Follow up to Part 4; we’re discussing How To Get A Small Business Loan or Unsecured Lines of Credit That Will Start, Build, and Grow Your Business. We are continuing to talk about financing a small business with debt.
Cashing Out or Borrowing from Retirement Funds
These are also known as Rollovers as Business Startups or ROBs. ROBs work like this: You incorporate your business and create a 401(k) plan for the startup. Then you transfer funds from an existing retirement account to this new retirement plan. Then, you borrow out the money from your company plan to spend on business growth – tax free.
ROBs are a great option for the right people. They are also extremely popular in the franchising space. So, while they are a great option for some people, you must know that this is perhaps the riskiest of all business financing strategies.
– According to Michael Gerber, the author of The E-Myth, 40% of businesses fail in the first year. Additionally, 80% of businesses fail within 5 years.
When you use your retirement funds to build your business you’re obviously risking your nest egg that you worked hard to build up over many years.
If the money you need is for the purchase of a piece of business equipment such as company trucks, there are specialized equipment lenders that can help. Rates for an equipment loan can range from bank-rate to high cost, depending on the individual applicant’s credit and the type of equipment.
Not all banks do equipment lending, and the ones that do will often require a down payment — and won’t offer a leasing option. For these reasons and many others, small business owners normally prefer non-bank equipment financing. Most banks don’t want to end up repossessing a construction crane and having to market and sell it – that’s not their business.
I often recommend small business owners consider leasing equipment rather than taking on long-term debt with a loan for an asset that may not have much resale value down the line. Leasing preserves your cash flow, as it doesn’t require a down payment and usually little or no money “out of pocket.”
Merchant Cash Advance (also known as Merchant Financing or an MCA)
The Merchant Cash Advance (MCA) industry has become more popular in recent years after the crash of 2008 due to restriction of capital that banks are imposing on small businesses today. The MCA industry has only been around since the late 1990’s yet it is a multi-billion dollar industry today when you include all the bank statement lenders who are a type of hybrid MCA lender.
This product primarily serves the use for short term financing. Essentially an MCA is a lump sum advance of cash against future income of a business. There is no fixed payment or time frame of repayment as you would find with a term loan. Typically advances are based on a business’s future credit card sales that will pay back the advance on a daily basis.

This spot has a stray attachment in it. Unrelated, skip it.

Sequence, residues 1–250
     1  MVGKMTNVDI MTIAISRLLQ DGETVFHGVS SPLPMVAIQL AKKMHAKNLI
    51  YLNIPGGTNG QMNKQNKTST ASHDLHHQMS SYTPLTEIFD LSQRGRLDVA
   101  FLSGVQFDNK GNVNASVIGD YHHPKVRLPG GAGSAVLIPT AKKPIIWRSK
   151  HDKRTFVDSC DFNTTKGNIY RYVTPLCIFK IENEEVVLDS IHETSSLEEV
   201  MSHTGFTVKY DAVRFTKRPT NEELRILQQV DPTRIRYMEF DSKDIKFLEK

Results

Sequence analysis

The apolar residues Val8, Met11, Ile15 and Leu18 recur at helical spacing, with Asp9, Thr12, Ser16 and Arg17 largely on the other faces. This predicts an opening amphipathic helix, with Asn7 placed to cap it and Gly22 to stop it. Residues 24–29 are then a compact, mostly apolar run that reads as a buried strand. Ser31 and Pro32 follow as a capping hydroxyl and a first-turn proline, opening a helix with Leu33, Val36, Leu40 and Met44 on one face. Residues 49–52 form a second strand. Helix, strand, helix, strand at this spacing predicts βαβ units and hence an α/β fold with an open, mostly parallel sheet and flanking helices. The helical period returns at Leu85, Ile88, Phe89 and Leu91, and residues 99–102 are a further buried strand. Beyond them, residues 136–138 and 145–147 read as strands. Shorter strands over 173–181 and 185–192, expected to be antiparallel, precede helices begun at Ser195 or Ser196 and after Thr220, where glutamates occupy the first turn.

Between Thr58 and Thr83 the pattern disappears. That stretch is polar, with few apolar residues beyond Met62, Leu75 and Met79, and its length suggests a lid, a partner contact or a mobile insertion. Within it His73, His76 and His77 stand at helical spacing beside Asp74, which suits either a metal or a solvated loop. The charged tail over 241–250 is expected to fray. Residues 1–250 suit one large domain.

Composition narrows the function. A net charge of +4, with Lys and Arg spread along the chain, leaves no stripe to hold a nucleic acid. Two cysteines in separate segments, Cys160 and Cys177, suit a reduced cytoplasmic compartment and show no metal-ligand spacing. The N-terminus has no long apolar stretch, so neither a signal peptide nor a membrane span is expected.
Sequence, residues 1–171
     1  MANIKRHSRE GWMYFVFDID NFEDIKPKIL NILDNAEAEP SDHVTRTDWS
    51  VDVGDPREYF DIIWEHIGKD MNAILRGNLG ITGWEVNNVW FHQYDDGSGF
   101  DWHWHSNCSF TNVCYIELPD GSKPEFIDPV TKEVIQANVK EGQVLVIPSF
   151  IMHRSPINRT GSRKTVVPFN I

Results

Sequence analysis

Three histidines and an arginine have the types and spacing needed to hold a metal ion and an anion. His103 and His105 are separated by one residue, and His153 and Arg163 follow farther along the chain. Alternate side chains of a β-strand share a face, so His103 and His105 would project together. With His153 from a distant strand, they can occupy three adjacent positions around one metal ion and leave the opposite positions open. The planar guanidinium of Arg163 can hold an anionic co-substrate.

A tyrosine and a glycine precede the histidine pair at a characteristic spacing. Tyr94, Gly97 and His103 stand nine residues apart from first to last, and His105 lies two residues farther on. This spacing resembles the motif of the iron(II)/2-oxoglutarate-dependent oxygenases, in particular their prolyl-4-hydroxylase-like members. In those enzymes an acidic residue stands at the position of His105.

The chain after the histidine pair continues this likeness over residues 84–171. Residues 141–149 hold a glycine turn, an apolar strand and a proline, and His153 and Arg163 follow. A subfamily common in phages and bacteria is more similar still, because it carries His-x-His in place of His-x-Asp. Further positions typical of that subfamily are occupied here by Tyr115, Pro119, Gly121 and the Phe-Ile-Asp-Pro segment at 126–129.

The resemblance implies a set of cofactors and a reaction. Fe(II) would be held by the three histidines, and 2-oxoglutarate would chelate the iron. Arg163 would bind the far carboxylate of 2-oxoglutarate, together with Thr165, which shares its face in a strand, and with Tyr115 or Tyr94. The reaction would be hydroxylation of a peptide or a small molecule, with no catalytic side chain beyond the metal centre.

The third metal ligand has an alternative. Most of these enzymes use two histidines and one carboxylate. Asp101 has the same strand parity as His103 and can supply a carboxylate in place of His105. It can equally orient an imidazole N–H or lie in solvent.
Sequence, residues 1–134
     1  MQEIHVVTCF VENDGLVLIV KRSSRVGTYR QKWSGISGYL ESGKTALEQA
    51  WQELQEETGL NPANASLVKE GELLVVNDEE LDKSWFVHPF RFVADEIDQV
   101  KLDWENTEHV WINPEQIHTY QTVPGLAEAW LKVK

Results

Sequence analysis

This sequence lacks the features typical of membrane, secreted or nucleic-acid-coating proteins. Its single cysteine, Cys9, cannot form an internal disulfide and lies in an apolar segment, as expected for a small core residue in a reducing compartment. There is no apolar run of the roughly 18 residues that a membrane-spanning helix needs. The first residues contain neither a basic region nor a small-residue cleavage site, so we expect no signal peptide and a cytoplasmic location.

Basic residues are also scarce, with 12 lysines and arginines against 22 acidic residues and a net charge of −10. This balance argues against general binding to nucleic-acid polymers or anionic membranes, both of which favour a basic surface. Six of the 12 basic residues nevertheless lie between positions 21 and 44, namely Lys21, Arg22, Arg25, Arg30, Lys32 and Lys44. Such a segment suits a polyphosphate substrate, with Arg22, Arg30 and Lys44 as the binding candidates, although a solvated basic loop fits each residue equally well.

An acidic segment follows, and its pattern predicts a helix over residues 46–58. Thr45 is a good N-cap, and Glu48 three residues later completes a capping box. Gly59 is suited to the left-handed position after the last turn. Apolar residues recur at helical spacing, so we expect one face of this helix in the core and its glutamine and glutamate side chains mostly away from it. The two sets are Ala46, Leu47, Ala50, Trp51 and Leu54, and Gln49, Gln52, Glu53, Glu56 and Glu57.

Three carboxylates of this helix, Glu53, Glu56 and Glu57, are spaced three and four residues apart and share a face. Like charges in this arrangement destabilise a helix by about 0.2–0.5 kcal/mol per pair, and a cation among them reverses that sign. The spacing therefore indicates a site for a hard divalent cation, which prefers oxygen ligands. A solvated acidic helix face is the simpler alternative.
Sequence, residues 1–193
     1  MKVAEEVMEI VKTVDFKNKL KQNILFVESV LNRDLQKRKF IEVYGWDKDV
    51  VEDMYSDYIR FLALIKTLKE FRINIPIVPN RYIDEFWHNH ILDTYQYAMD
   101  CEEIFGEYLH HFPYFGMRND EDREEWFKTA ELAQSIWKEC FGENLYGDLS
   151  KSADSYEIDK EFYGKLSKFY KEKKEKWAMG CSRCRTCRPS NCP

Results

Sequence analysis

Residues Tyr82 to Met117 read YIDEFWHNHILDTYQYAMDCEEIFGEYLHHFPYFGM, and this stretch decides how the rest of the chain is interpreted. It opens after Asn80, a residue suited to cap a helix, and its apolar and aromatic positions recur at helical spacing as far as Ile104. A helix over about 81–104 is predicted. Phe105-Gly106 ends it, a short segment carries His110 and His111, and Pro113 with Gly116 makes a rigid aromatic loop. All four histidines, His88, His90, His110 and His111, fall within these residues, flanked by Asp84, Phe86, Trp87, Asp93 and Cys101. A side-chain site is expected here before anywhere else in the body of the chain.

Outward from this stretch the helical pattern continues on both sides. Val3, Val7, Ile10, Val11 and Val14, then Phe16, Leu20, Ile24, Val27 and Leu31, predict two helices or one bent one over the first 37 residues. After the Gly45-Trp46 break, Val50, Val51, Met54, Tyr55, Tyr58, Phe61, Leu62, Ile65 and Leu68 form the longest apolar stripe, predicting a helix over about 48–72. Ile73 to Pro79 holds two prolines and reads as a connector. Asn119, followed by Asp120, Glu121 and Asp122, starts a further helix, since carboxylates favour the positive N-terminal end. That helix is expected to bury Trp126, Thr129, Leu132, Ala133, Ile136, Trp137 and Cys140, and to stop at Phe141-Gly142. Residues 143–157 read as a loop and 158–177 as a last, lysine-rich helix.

– This product primarily serves the use for short term financing. Essentially an MCA is a lump sum advance of cash against future income of a business.
Factoring, sometimes known as Accounts Receivablesfinancing, actually has been around for thousands ofyears dating back to Biblical times. It is one of oldestforms of financing on record. In today’s world, it is simplya way for businesses to turn their accounts receivablesinto cash.
– Factoring is designed for businesses that sell a product or provide a service to other businesses.
It is one of the most effective ways to facilitate growth for a company whether the company is a start-up or established business and is even more popular in times when banks tighten up and restrict lending. It is important to note that factoring is not a loan but actually the selling of an account receivable at a discount.
Here’s how factoring works: A factoring firm purchases its client’s accounts receivable invoices at a discount in exchange for immediate cash, and title to the accounts passes to the factoring company upon transfer of the cash. An average transaction can be completed by a Factor within a week of receiving its client’s financial information. Invoices are funded on the same day that invoices are received from ongoing clients.
Purchase Order Finance
– you have a firm purchase order from a major customer, usually a big retailer or government agency. So instead of selling an asset of your company, you are actually getting an upfront advance prior to any product or service being delivered.
The risk for lenders here is even higher than for factoring, since they are funding materials that are not ready for sale and have not been delivered to the end client – so interest rates are higher, too.
Getting a P.O. loan is basically a desperation move used to preserve or establish an important client relationship or to get in the door with a large retailer. But if you don’t have the money you need to fill a big order, P.O. lending can really be a lifesaver.
For the capital you need to expand your business into foreign markets, there are specialized import/export loans. Most of these are backed by the Export-ImportBank of the United States.
– Think of this as P.O. financing but across borders.
Import/Export financing through nonbank lenders is essentially a P.O. loan that involves a product that crosses into another country.
This concludes the series on How To Get A Small Business Loan or Unsecured Lines of Credit That Will Start, Build and Grow Your Business. If you would like to read the 16 Best & Most Common Business Financing Options for your Small Business click here.